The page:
johnmuir the geomorphologist writes:
... I've looked more in detail at Google Earth and flagged a few places that I think are good options. These places appear to have slopes that allow for initiation and stopping of an avalanche, and also appear to have material that is somewhat finer than only rock. The latter is helpful for the analyses that I hope to do. But I'm still quite uncertain of those aspects as well. What do you (and others) think, based on the attached .kmz file for Google Earth: are these places that you know have experienced avalanches, and are they indeed somewhat less coarsely textured (i.e. rocky) than other places?
Re. your prospective study sites, taken North to South:
1. Young Lakes
-It's a likely area for small avalanches, and one easily checked by the HST members who ski in that area, based out of the T. Meadows Ski Hut.
- From the photo, it looks like the base material there is perhaps more rocky than you'd like. It is comprised of granite bedrock, and large boulder field talus.
2. Desolation Lake Area
-Relatively easy access from North Lake TH- 5 miles to Piute Pass, then ~3.5 miles over a flatish basin to the lake, at 11,375 elev.
-Here are a few photos from our ski trip there, in June of 2017: [*still have to find a way to present them.]
3. Coyote Ridge
-This site would have the easiest access, but it's set to the east of the main divide, and only a couple points rise above 11,000.' Are there likely to be avalanches there? Maybe in the big snow years.
-You said that easy access is secondary at this point, but these 3 sites are all accessed by 3 of the most heinous, i.e., long and hot, eastside trails in the range.
7. Kearsarge Peak
-We don't know about the summit of Kearsarge Pk. per se, but just south. above the easy Onion Valley TH are some very similar slopes that may fit your needs. The south-facing slopes above Gilbert Lk. in the east, up to the slopes above Big Pothole Lk. are all 30-40 degree slopes of the sort of mixed substrate you're after. Photos:
Above are the west-facing slopes of Independence Peak, above Onion Valley TH. Likely avie paths, but too steep for your study?
This a view of K.Pass from the south east. The south-east facing slopes of Mt. Gould, above Big Pothole lake.
View from K Pass, looking west. To the right are the south and east facing slope of Mt. Gould and Rixford. I don't believe that avalanche activity is common on either side of K.Pass.
-As for Kearsarge Pk., looking at the Google Earth images, there are nice avie runs below the funnel-shaped gullies- also facing south. They exit right above the Onion Valley car park area. Might these work, or are they too steep?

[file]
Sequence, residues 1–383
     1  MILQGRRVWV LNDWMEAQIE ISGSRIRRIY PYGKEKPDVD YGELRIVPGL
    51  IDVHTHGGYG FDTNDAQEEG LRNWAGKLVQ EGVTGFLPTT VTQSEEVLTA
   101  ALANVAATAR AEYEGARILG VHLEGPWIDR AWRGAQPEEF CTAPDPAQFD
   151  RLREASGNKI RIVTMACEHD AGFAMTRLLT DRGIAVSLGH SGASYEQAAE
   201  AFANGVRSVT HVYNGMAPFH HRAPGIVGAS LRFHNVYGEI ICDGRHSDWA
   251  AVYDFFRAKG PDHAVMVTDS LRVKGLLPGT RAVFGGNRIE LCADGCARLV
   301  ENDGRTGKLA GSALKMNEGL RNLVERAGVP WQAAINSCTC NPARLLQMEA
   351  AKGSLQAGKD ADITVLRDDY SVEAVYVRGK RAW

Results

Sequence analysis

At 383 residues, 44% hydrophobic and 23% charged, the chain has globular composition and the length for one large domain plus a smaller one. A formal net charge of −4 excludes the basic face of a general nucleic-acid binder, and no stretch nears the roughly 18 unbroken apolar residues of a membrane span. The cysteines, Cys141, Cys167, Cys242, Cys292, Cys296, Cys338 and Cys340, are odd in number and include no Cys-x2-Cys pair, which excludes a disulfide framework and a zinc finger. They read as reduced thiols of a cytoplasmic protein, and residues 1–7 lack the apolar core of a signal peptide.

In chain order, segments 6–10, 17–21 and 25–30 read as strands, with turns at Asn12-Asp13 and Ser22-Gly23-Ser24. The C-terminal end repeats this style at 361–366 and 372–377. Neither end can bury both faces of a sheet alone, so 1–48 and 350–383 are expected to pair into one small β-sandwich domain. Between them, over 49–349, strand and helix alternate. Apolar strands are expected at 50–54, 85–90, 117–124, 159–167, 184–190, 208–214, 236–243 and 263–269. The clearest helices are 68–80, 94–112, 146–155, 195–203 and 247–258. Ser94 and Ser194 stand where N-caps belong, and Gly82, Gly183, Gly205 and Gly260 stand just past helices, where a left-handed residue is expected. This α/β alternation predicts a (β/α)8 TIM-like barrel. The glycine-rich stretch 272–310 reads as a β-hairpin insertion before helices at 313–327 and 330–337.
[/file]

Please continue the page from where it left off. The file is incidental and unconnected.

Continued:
-In the same area, but across the valley, is "University Col." I descended that way from Uni. Peak, where Anderson had me collecting rock samples from "upland surfaces." I'd say there's a very good chance of "dirty" avalanches pouring down that north-east facing slope pretty frequently.
8. Mount Bradley
I don't know it.
9. Near Shepherd Pass site
- Regarding that small peak seen in your Google Earth image, I've been up that with my boy, and it is just that- a very little peak. In the same area though, you would have all kinds of opportunity to find avalanches, e.g., pouring of the north and east slopes of Mount Tyndall. The east-facing slopes are mostly granite bedrock. Photos:
North-facing slopes of Mt Tyndall, and the peak to the west, from near Shepherd Pass.
Slopes on the east and south-east side of "Diamond Mesa," also from near S.Pass. Note the remnants of a slab avalanche, and a small point release slide just to the right of it.
East-facing slopes of Mount Tyndall, from S.Pass.
What are some other likely avalanche areas of the kind johnmuir here is after? John, Sekihiker, Wandering Daisy, and any other lurking geologists and winter climbers? John Dittli, Jimr, Gazelle, Andy, Karl, Longri, et al...?
I'll add as potential study sites the beautiful country around Magee and Convict Creeks, in the colorful metasedimentary belt; along with the fascinating geologic terrain up the Pine Creek drainage, which is also reputed to be very avalanche prone. The one winter trip we took up there, we saw a series of small slides up in the cirque under the east side of Bear Creek Spire. All came from really steep slopes, and contained little material. And finally, the slopes above Aspendell are famous for big avalanches, and would make an easy access study site, as the road to that community is plowed year-round. Some locals call the place instead: "Avalanche Dell." One big avie, rolled some of the houses off their foundations! (I think that was in the 1970's.).
I'm particularly interested in terrain less steep than 45 degrees, and in 'dirty' avalanches that scrape the landscape
John, does this mean you are looking for full-on, climax avalanches- the ones in the spring that extend all the way down to the substrate, or are you also interested in finding any big snowy avalanche? You said that you are in part studying the way avalanches influence landforms... do your average, or even large scale snow avalanches effect that kind of influence? Sometimes the first big snow storms deposit snows which are destined to warm up and slide along the substrate, but then these will subsequently be buried under all the rest of the winter snow; does that render those avalanches useless to your study?
I can dig out some more photos from around Humphreys Basin- the Desolation Lake area. I took a look at them, and the slopes around D. Lk. look to be to gentle for much avie activity. However, the slopes of Mount Humphreys, Mt. Emerson look good; and there is a lot of good-looking stuff all the way down from Piute Pass, to beyond Loch Leven on the south side of the North Fork Creek. Easy to get to as well. Best of luck with your studies Johnmuir Ian.